When someone doesn’t make their car payments, the bank has the vehicle repossessed and re-sells it at auction. Some sites like Copart sell both online and in person, and sometimes offer “Buy It Now” pricing, too. Many of these cars are newer, but you never know how well the owner took care of the vehicle. Dealers often attend repo auctions because it can be an excellent opportunity to buy vehicles for inventory at slashed prices, and that means it can be as good for the average buyer, too.
Operating very much like public auto auctions, a consignment auction allows people to try selling their own vehicle quickly and easily. In consignments, there’s usually a reserve price set and, if the reserve isn’t met, the seller has the option to allow the highest bidder to take it or to hang on to their car and try again. Sellers often think their car has more value than it actually does, and prices tend to drift to the high side. It’s a great option for sellers, though.
Online car auctions
Online auctions have become a popular option, much like everything else e-commerce. Almost all auctions have online vehicle listings you can peruse before the sale, whether it’s in-person or online-only. Like live auctions, you’ll register as a bidder, then use your keyboard to place bids. The tough part is that you’re buying cars at auction without ever putting your hands on them first—it feels a little riskier. But because you can bid on cars anywhere nationwide, it opens up potential vehicles not available locally.
If you’re willing to rebuild a car with a salvage title or you’re just looking for a parts car, then salvage or insurance auctions could be right for you. Generally open to the public, these can be anything from accident cars to vehicles with hail damage to stolen-and-recovered vehicles or fire- or flood-damaged cars. They sell for a fraction of the price of a similarly undamaged vehicle, but they’re a gamble. You don’t know what repairs are required, the certification process can be rigorous, and they may never be roadworthy again. Some run online, some in person and some are both.
Tips for buying a car at auction
Attracted to a great deal? You aren’t alone. Auctions can be the ticket to saving thousands of dollars on a car. They aren’t for the faint of heart (if you aren’t up for the potential risks but still want to save money, you could always check out a car marketplace), but some preparation may help you stay out of the many pitfalls that can befall auction shoppers.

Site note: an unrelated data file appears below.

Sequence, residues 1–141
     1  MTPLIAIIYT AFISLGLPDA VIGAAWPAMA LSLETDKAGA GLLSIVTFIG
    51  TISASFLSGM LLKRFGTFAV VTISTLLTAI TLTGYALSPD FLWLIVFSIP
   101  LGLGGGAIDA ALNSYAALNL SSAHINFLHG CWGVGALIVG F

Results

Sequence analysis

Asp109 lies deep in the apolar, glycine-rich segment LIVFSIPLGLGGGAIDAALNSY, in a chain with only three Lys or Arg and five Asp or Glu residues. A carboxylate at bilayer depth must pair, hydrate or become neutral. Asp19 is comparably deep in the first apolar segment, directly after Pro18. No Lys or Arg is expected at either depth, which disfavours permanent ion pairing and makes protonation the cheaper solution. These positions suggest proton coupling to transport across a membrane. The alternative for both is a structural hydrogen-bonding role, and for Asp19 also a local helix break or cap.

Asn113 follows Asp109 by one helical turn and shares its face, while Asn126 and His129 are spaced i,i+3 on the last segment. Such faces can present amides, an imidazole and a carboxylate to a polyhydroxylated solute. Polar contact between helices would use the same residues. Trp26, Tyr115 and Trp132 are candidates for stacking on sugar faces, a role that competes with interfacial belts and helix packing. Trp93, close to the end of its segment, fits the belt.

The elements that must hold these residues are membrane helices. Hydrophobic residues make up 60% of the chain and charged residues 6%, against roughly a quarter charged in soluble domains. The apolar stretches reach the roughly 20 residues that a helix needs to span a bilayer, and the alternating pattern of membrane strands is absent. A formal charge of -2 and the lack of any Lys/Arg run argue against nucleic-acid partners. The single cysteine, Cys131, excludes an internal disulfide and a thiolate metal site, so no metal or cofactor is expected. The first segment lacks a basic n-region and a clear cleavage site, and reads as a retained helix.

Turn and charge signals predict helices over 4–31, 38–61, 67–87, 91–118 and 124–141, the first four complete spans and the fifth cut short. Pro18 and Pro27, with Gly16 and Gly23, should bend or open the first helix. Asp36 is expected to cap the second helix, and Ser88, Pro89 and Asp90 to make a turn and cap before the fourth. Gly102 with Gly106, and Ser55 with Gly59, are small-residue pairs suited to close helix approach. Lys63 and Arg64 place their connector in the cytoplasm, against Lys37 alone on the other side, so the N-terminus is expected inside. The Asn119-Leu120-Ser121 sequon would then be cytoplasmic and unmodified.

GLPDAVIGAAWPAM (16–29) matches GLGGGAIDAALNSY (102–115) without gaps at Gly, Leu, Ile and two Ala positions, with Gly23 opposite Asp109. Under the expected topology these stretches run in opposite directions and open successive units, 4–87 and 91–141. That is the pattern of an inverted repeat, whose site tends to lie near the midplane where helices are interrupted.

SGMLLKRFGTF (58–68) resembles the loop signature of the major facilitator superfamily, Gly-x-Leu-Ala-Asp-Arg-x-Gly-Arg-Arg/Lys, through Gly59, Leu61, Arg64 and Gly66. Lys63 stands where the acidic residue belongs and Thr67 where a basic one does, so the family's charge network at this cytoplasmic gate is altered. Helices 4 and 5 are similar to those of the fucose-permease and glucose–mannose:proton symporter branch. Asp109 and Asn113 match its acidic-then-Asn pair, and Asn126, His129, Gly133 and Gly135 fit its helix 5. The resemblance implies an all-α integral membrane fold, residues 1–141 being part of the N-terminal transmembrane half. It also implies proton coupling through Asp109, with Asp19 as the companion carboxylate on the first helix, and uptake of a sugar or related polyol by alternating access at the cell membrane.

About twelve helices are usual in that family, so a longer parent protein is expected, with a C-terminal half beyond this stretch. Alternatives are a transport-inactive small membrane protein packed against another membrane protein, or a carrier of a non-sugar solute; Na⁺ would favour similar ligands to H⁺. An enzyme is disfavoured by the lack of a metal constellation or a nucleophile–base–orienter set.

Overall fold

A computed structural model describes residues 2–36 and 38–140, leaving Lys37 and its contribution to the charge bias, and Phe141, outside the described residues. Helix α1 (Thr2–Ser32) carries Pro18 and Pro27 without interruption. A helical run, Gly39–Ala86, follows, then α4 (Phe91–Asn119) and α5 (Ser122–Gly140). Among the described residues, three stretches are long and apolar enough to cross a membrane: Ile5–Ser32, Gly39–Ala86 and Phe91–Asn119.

Don’t auction alone
With auctions, you take on much of the liability if you place a bid. If something isn’t right with the car and you don’t see it before you win the auction, you could be stuck with it. Unless you’re an auction veteran, it’s best to bring someone along who knows vehicles and is comfortable with the auction process.
Be an early bird
The viewing time often isn’t long and, especially if you are considering multiple cars at the same auction, you’ll need as much time as you can get. Be there when the doors open for viewing so you can make the most informed bids possible.
Understand the buyer’s premium
For most auctions, the price when the auctioneer pounds his gavel isn’t the whole price you pay. There’s an additional percentage added to the winning bid known as the “buyer’s premium.” It commonly ranges from 10% to 20%, some higher or lower, but it can be a major influence on whether a vehicle is a good deal or not. Factor the buyer’s premium into your bids.
Have your finances in order
If you win a bid, you’re obligated to buy the vehicle. For some auctions, you have to pay in full by the end of the day, while others give you two days to pay in full. If you don’t pay on time, you could have your account suspended, lose a security deposit, pay a late fee and even pay for daily storage charges. It’s best to have financing pre-arranged before attending an auction.
Consider the reconditioning costs
Vehicles sold at auction are pre-owned and have wear and tear. There may be known and unknown issues that need to be repaired before you can insure and drive the car. Place your bids with the understanding that there will be some type of expense for reconditioning the car.